Texas v. Alabama-Coushatta Tribe of Texas
The Ysleta del Sur Pueblo and Alabama and Coushatta Indian Tribes of Texas Restoration Act restored the Tribe's status as a federally-recognized tribe and limited its gaming operations according to state law. The Indian Gaming Regulatory Act (IGRA) broadly established federal standards for gaming on Indian lands.After IGRA was enacted, the Fifth Circuit determined that the Restoration Act and IGRA conflict and that the Restoration Act governs the Tribe's gaming activities. (Ysleta I). When the Tribe conducted gaming operations in violation of Texas law, the district court permanently enjoined that activity as a violation of the Restoration Act.The court affirmed the district court's refusal to dissolve the permanent injunction and held that the district court did not abuse its discretion in denying relief from the permanent injunction. The court held that the Restoration Act and the Texas law it invokes—and not IGRA—governed the permissibility of gaming operations on the Tribe's lands. The court held that IGRA did not apply to the Tribe, and the National Indian Gaming Commission did not have jurisdiction over the Tribe. View "Texas v. Alabama-Coushatta Tribe of Texas" on Justia Law
Alabama-Coushatta Tribe of TX v. United States, et al.
The Tribe filed suit against the United States and others alleging, inter alia, violations of the Administrative Procedures Act (APA), 5 U.S.C. 500 et seq., and federal common law. The Tribe claimed that the Government breached its fiduciary duties under federal law to protect the land and natural resources subject to the aboriginal title of the Tribe. The court affirmed the district court's dismissal of the suit for lack of subject-matter jurisdiction because the Tribe failed to allege "agency action" sufficient to meet the requirements of the sovereign immunity waiver in section 702, which is necessary to maintain its claims against the federal government and its agencies.View "Alabama-Coushatta Tribe of TX v. United States, et al." on Justia Law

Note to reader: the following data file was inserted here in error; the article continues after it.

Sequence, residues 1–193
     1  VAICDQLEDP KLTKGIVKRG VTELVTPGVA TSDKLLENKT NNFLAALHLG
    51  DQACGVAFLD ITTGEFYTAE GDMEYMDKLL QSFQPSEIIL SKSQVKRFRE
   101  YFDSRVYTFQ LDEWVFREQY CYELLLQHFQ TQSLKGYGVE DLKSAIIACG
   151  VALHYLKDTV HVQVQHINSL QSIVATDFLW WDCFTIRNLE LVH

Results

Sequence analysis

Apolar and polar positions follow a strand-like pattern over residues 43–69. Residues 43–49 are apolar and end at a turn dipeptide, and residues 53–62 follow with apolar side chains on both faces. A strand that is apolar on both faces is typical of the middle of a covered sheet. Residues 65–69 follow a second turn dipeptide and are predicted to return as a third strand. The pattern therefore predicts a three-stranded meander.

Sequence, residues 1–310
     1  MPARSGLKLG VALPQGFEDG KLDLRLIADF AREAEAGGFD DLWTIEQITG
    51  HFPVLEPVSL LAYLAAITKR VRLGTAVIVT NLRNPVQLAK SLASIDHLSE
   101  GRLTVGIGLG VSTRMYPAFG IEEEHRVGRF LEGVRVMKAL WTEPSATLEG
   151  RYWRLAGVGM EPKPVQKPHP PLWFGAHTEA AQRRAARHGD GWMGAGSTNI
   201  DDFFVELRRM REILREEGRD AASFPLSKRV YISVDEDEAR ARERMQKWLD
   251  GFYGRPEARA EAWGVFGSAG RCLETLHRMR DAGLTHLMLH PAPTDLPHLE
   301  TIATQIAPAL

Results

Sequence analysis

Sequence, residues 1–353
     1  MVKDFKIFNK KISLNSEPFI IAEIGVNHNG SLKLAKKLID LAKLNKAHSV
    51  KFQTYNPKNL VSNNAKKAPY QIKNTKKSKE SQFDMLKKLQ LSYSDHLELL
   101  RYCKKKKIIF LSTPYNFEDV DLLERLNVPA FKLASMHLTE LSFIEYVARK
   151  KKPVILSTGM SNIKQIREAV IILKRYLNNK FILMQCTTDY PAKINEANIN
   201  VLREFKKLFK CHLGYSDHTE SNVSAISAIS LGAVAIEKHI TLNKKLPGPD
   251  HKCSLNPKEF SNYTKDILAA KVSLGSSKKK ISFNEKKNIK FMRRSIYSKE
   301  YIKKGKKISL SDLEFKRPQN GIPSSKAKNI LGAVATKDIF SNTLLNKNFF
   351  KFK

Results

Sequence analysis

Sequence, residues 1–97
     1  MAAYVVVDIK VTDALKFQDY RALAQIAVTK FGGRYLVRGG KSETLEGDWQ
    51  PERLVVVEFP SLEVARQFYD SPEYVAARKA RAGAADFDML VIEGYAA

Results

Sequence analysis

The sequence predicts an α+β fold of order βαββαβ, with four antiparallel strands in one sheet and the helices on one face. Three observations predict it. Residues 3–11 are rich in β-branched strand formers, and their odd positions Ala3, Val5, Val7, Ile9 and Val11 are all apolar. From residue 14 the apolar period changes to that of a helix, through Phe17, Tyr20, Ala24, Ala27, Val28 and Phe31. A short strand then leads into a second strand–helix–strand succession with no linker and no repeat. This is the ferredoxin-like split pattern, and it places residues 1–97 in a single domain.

Dolgencorp, Inc., et al. v. MS Band of Choctaw Indians, et al.
Dolgencorp, operator of a Dollar General store on the Choctaw reservation, filed suit seeking to enjoin John Doe and the tribal defendants from adjudicating tort claims against Dolgencorp in the Choctaw tribal court. The underlying tort claims stemmed from Doe's suit alleging that a manager sexually molested him while he was working at the Dollar General store. The court affirmed the district court's denial of Dolgencorp's motion for summary judgment and grant of summary judgment in favor of the tribal defendants because Dolgencorp's consensual relationship with Doe gave rise to tribal court jurisdiction over Doe's claims under Montana v. United States. View "Dolgencorp, Inc., et al. v. MS Band of Choctaw Indians, et al." on Justia Law